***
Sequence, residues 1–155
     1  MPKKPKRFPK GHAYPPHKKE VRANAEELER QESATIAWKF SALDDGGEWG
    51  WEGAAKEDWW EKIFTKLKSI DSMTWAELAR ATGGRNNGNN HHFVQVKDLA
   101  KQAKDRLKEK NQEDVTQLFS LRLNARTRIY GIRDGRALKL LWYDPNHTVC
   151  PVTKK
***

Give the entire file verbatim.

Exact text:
Sequence, residues 1–155
     1  MPKKPKRFPK GHAYPPHKKE VRANAEELER QESATIAWKF SALDDGGEWG
    51  WEGAAKEDWW EKIFTKLKSI DSMTWAELAR ATGGRNNGNN HHFVQVKDLA
   101  KQAKDRLKEK NQEDVTQLFS LRLNARTRIY GIRDGRALKL LWYDPNHTVC
   151  PVTKK